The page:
Questions about potential fraud at the company have remained unanswered, however the life insurer which allocated billions to WMPs in pursuit of yield (what else) was all too vocal in a letter dated April 28, in which Foresea asked the CIRC to resume new product approvals “in order to avoid inciting mass incidents by clients and localised and systemic risks, producing greater damage to the industry”. According to the FT, the term “mass incidents” is commonly used in China to describe demonstrations, protests and riots. It was also used by Hank Paulson in 2008 when demanding a blank check from Congress threatening the US with widespread panic unless the US banking sector was bailed out.
That this warning has now moved to Chinese users of shadow banking is troubling.
To be sure, this is not the first time a near-insolvent Chinese company has threatened with social unrest if it does not get a bailout. One month ago, China’s – and the world’s – biggest aluminum producer China Hongqiao Group demanded that both the Chinese Non-Ferrous Metals Industry Association and the Chinese government come to its aid, warning in its March 4 letter of “serious effects” if nothing is done, including “regional systemic financial risks” and “dramatic social unrest.” Yet while the fallout from one major commodity company would be largely contained, mostly to its own angry workers, the social panic and mass defaults resulting from the failure of China’s $4 trillion Wealth Management Industry, would have far more dire implications.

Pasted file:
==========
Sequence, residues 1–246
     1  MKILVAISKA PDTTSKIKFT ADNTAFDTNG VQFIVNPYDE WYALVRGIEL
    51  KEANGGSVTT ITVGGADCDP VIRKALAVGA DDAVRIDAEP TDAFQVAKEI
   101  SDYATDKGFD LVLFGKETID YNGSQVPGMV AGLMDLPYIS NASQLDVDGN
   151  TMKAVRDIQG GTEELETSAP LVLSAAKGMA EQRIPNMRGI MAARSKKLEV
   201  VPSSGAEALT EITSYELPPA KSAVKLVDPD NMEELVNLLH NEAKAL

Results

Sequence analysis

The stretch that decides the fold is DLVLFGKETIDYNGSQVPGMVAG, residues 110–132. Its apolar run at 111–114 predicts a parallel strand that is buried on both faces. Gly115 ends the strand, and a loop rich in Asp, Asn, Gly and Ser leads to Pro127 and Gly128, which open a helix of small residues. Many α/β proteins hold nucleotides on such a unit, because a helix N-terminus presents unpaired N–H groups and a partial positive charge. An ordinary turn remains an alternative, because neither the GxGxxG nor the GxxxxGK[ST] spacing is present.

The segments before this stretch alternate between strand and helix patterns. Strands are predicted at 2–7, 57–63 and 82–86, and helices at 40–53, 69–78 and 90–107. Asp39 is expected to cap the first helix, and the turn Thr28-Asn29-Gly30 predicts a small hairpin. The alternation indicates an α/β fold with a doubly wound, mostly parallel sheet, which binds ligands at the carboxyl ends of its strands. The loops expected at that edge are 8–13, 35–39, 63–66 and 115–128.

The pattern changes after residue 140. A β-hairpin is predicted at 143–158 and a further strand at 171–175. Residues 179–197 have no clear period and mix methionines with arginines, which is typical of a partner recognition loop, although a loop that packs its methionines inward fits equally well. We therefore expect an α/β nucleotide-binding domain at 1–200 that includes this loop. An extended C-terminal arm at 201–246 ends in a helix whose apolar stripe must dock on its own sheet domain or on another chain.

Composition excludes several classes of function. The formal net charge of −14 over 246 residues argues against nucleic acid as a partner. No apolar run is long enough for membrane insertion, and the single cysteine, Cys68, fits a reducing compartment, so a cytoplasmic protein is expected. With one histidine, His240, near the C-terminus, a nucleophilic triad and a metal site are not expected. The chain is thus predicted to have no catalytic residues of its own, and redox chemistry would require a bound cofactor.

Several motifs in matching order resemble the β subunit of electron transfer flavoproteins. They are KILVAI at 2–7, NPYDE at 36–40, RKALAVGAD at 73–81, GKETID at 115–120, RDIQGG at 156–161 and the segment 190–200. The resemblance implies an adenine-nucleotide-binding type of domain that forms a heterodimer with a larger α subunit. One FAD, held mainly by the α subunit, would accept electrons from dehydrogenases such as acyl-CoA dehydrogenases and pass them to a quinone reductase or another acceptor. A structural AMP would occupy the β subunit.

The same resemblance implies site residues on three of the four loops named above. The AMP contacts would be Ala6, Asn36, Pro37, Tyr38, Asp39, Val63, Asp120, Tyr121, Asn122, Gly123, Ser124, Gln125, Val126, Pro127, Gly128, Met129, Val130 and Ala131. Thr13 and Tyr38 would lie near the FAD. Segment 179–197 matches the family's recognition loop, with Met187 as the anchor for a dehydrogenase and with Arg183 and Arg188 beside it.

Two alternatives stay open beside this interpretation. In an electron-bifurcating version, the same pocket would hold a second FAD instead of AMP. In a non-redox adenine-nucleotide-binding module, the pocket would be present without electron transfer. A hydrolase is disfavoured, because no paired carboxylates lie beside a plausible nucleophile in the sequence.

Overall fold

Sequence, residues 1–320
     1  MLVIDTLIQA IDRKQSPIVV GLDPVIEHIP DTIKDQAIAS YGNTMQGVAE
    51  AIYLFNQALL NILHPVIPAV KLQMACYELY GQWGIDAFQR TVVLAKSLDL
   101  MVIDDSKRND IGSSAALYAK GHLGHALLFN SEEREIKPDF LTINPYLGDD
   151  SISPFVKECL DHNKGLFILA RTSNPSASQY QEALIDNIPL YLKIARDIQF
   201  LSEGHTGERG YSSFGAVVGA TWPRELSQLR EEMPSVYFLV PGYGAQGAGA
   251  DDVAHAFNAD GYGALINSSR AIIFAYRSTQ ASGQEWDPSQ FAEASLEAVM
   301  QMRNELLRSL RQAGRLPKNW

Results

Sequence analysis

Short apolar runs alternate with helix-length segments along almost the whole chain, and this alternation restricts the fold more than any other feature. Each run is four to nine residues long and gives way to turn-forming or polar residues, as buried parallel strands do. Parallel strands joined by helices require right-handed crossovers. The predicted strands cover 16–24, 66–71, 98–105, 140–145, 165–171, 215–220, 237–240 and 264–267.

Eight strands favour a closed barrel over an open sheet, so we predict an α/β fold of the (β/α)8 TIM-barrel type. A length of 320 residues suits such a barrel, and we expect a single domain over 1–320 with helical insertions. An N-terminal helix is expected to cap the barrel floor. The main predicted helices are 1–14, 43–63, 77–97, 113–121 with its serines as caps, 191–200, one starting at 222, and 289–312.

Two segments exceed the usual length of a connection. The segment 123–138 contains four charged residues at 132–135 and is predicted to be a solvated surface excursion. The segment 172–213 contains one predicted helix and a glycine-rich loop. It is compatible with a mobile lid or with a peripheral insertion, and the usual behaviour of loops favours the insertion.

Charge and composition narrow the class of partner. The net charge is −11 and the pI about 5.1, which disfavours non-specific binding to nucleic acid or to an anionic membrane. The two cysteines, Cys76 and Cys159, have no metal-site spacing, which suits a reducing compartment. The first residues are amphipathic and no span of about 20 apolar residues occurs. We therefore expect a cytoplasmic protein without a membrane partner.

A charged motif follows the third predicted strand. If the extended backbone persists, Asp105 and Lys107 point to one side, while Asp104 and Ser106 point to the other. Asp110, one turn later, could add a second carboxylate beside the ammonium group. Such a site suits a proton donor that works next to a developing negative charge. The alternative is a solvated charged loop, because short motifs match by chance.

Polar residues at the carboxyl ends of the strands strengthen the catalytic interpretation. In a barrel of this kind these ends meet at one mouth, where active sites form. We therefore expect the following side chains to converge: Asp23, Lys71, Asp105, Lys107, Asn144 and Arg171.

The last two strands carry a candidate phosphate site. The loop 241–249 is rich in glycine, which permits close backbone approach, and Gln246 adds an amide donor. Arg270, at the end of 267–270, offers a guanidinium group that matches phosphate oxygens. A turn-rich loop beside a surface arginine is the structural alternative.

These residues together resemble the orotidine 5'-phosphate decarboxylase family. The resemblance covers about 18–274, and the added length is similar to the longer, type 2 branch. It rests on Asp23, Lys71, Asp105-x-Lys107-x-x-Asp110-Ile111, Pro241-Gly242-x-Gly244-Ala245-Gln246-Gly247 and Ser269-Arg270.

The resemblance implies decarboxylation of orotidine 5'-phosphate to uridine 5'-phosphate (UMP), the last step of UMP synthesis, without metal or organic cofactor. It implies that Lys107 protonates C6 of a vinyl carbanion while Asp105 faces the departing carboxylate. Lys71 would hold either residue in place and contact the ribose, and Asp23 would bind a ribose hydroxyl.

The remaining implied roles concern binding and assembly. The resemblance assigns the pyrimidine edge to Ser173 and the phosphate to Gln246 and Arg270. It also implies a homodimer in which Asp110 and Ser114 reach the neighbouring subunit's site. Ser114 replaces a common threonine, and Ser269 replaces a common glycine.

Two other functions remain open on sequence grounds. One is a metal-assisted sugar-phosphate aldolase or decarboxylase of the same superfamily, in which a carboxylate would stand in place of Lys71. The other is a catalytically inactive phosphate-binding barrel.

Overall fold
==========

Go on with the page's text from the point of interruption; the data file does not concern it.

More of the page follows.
Some more background on the troubled life insurer courtesy of the FT:
Foresea is a unit of Baoneng Group, a property and financial conglomerate that Mr Yao also chairs. Baoneng made headlines last year by attempting a hostile takeover of China Vanke, one of China’s largest residential developers. Baoneng has used the sale of so-called “universal insurance” products to finance its stake in Vanke and other listed companies. Such policies are, essentially, investment vehicles offering high yields and guaranteed payouts on maturities. Distributed through banks, they bear little resemblance to traditional insurance, which pays out only in the event of a risk incident such as death, illness, or accident.
The mass proliferation of such “shadow banking” products, largely as a result of deregulation of the insurance industry in recent years, has led to the sharp rise of universal insurance sales, which has helped groups such as Foresea and Anbang Insurance Group to grow. As a reminder, Anbang – which has a very questionable reputation – is also one of the most prolific acquirers of global corporations as it seeks to find high yielding targets for its “shadow” funds.